Unfortunately, at my great astonishment, some genius who took over the Education Ministry had removed Civic Education from the curriculum. I know you may be asking the same question everyone with some sense is asking: “why is that?” Well, that’s beyond my pray grade. I am just as dumbfounded as you are.

What a brilliant decision that was! No wonder we have today all this nonsense going on in our society.

Today, these young Haitian kids are growing up with no foundation in civic education. And we are acting so surprised to see the results of our recklessness and irresponsibility -delinquency, child prostitution, the zokiki phenomenon, disrespect for established authority and the law, the list goes on and on and on.

Why acting so surprised? We should have expected these results to emerge some day. That’s what happens when leaders fail their citizens -you have a chaotic and dysfunctional society because the young citizens have grown to become chaotic and dysfunctional citizens.

I heard a while ago that Mr. Varnneur Pierre, the head of our Education Ministry, was bringing back Civic Education in the classroom, I don’t know if he has ever delivered on his promise.  But I pray the Martelly administration could make a difference in the right. The teaching of civic education to our kids is a must. Making the right investment in the education of our kids of today is the only hope we have for a better, secure and sustainable tomorrow.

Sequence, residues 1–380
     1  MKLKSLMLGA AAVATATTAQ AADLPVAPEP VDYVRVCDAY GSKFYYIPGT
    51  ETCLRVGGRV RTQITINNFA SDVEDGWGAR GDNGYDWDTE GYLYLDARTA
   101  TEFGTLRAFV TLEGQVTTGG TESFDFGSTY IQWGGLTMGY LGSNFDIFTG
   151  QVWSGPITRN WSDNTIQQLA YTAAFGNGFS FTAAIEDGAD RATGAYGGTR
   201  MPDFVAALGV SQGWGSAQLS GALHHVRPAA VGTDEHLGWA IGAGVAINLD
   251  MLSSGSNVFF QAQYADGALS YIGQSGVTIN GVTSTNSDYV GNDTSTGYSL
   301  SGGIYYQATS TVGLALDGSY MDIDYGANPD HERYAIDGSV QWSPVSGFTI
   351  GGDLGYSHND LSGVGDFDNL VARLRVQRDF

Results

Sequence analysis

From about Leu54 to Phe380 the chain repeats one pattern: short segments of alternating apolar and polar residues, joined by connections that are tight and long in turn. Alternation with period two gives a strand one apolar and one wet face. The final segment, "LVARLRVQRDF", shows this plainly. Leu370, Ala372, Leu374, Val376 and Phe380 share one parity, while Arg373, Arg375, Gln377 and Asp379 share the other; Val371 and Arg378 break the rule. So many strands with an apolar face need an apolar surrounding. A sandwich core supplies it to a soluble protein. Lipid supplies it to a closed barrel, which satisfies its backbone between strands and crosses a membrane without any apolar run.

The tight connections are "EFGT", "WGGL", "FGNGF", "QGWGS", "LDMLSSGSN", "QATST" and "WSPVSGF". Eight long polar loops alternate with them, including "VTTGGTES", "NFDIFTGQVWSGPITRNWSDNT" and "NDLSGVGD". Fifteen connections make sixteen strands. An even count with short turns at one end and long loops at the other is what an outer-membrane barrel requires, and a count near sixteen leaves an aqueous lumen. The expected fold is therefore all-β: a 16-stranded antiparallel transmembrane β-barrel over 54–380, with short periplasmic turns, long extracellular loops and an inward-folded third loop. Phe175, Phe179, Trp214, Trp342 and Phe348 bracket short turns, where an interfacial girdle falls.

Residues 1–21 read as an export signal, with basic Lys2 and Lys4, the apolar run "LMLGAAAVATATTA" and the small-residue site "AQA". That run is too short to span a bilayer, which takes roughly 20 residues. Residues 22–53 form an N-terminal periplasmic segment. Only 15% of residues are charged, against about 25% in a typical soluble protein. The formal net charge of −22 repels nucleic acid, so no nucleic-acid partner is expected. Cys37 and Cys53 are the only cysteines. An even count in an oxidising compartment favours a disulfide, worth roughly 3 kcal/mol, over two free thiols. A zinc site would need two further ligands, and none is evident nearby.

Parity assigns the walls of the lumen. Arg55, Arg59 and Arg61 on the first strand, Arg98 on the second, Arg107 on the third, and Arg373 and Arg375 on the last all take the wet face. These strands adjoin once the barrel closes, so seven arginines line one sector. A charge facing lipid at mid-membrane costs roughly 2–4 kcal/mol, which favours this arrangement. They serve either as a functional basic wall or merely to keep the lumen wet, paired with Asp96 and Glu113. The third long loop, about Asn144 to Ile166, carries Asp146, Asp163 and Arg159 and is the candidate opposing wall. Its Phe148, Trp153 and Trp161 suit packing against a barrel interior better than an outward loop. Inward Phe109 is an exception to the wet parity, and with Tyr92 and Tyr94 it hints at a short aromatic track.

Carimi’s Invasion Has Irritated Many


After CARIMI, a New York-based Konpa band, has dropped the music video for the song KITA NAGO off THE INVASION, their latest album, the critics on the conservative side of the musical spectrum did not waste any time to gear up and go on the counterattack. Their most vicious and debilitating attack to date is that that CARIMI is not playing Konpa; therefore, they are destroying the music.